The replication initiator protein RepD encoded by the Staphylococcus chloramphenicol resistance plasmid pC221 stimulates the helicase activity of the Bacillus stearothermophilus PcrA DNA helicase in vitro. This stimulatory effect seems to be specific for PcrA and differs from the stimulatory effect of the Escherichia coli ribosomal protein L3. Whereas L3 stimulates the PcrA helicase activity by promoting co-operative PcrA binding onto its DNA substrate, RepD stimulates the PcrA helicase activity by increasing the processivity of the enzyme and enables PcrA to displace DNA from a nicked substrate. The implication of these results is that PcrA is the helicase recruited into the replisome by RepD during rolling circle replication of plasmids of the pT181 family.  (+info)

(4/1775) OBA/Ku86: DNA binding specificity and involvement in mammalian DNA replication.

Ors-binding activity (OBA) was previously semipurified from HeLa cells through its ability to interact specifically with the 186-basepair (bp) minimal replication origin of ors8 and support ors8 replication in vitro. Here, through competition band-shift analyses, using as competitors various subfragments of the 186-bp minimal ori, we identified an internal region of 59 bp that competed for OBA binding as efficiently as the full 186-bp fragment. The 59-bp fragment has homology to a 36-bp sequence (A3/4) generated by comparing various mammalian replication origins, including the ors. A3/4 is, by itself, capable of competing most efficiently for OBA binding to the 186-bp fragment. Band-shift elution of the A3/4-OBA complex, followed by Southwestern analysis using the A3/4 sequence as probe, revealed a major band of approximately 92 kDa involved in the DNA binding activity of OBA. Microsequencing analysis revealed that the 92-kDa polypeptide is identical to the 86-kDa subunit of human Ku antigen. The affinity-purified OBA fraction obtained using an A3/4 affinity column also contained the 70-kDa subunit of Ku and the DNA-dependent protein kinase catalytic subunit. In vitro DNA replication experiments in the presence of A3/4 oligonucleotide or anti-Ku70 and anti-Ku86 antibodies implicate Ku in mammalian DNA replication.  (+info)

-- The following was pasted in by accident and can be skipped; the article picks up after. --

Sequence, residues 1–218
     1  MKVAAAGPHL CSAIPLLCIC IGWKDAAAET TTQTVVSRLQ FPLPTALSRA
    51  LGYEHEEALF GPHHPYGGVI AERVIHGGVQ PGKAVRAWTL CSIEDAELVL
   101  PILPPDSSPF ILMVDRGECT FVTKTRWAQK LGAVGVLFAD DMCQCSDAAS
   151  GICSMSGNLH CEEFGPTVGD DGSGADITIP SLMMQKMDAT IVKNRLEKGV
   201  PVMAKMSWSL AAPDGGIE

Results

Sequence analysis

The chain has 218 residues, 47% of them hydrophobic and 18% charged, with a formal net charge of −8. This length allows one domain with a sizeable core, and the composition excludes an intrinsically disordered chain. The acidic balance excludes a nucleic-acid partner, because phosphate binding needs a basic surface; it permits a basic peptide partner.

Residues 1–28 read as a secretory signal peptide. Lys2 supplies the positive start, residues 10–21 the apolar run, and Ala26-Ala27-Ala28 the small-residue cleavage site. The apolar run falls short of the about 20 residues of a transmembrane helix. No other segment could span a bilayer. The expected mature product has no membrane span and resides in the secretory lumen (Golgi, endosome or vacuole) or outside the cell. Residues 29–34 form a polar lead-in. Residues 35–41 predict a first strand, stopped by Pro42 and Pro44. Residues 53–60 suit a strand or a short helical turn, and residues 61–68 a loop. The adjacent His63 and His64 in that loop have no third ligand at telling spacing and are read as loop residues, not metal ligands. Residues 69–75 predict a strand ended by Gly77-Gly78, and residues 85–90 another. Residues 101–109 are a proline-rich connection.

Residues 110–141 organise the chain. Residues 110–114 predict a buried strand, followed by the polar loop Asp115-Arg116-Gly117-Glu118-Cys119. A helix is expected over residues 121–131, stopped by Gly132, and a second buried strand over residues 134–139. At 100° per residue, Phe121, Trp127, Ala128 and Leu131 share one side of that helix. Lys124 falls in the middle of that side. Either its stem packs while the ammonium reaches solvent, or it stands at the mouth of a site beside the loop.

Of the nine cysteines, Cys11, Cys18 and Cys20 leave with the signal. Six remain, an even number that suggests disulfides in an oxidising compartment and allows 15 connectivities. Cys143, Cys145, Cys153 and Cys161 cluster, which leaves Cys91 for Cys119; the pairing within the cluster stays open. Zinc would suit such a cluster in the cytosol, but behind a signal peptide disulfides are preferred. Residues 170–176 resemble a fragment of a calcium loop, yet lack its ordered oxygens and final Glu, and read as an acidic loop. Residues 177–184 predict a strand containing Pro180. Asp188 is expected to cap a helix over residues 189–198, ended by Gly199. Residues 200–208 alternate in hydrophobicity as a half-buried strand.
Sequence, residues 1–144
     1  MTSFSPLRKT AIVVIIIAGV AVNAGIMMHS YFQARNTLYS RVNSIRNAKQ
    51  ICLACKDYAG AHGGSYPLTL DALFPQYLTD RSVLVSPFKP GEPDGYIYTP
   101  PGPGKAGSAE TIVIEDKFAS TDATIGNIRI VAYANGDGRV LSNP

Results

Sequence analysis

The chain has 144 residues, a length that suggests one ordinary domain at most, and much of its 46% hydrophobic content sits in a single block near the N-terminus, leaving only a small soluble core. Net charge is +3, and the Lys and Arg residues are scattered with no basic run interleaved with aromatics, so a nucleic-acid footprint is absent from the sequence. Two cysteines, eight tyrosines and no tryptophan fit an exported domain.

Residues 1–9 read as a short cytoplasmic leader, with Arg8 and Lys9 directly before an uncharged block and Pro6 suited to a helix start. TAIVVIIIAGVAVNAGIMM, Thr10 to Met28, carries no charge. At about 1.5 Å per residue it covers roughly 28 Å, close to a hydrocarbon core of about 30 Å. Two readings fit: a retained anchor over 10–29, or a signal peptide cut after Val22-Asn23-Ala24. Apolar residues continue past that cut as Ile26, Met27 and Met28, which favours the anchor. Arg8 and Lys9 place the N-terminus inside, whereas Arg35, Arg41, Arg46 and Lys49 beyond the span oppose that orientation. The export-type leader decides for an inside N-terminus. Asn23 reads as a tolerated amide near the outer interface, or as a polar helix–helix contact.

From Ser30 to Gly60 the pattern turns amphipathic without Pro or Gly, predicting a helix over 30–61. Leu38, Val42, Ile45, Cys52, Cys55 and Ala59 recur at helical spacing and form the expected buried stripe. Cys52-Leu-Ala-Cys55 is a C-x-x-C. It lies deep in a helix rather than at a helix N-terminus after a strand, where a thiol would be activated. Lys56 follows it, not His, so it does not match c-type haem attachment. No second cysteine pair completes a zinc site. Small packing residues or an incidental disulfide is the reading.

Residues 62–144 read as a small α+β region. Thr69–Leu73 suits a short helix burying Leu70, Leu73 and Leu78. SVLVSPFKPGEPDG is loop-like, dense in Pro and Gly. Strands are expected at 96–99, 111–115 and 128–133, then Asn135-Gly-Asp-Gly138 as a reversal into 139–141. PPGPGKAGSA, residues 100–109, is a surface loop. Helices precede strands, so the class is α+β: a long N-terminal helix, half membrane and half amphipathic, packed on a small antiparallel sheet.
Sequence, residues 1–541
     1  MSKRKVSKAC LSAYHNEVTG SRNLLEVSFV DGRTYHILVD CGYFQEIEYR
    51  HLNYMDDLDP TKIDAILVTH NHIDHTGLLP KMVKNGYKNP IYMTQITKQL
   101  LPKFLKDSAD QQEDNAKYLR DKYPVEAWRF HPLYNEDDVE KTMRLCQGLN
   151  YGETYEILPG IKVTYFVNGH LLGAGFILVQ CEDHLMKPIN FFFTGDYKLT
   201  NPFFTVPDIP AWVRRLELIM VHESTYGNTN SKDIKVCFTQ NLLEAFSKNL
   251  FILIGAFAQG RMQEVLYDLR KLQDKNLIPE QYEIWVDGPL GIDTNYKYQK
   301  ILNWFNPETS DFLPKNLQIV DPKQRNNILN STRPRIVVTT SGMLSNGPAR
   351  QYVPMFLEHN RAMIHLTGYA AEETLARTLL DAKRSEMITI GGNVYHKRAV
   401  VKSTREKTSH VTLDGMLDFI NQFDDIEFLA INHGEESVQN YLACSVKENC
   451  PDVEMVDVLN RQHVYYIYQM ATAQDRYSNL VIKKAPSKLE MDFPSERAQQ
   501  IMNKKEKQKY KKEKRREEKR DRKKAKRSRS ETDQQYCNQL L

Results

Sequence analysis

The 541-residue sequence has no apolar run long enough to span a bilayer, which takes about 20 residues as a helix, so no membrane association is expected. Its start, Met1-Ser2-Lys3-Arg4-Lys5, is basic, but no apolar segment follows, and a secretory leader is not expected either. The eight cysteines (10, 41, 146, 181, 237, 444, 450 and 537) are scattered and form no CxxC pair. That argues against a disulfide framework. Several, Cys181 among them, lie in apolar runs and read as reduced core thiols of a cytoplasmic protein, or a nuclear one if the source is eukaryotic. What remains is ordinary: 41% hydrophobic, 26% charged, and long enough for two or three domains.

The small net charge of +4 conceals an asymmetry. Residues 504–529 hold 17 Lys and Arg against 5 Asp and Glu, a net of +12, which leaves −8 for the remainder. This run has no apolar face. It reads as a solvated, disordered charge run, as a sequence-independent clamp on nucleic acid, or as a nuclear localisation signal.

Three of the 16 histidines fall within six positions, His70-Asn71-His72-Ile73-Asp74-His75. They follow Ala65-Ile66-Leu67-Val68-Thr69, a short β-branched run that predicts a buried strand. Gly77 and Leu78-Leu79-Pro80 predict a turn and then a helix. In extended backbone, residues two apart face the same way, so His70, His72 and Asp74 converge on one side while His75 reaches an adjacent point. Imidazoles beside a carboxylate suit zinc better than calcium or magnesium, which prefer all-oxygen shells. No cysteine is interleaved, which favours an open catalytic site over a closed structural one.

(5/1775) Short DNA fragments without sequence similarity are initiation sites for replication in the chromosome of the yeast Yarrowia lipolytica.